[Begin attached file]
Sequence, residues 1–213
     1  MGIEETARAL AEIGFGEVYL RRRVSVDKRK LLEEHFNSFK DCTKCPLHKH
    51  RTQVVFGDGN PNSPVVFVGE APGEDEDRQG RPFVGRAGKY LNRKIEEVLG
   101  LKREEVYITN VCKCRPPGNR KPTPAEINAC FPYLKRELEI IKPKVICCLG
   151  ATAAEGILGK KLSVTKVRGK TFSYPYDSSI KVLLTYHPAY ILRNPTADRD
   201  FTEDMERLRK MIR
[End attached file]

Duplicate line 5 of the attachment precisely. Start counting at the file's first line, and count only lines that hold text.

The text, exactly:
   151  ATAAEGILGK KLSVTKVRGK TFSYPYDSSI KVLLTYHPAY ILRNPTADRD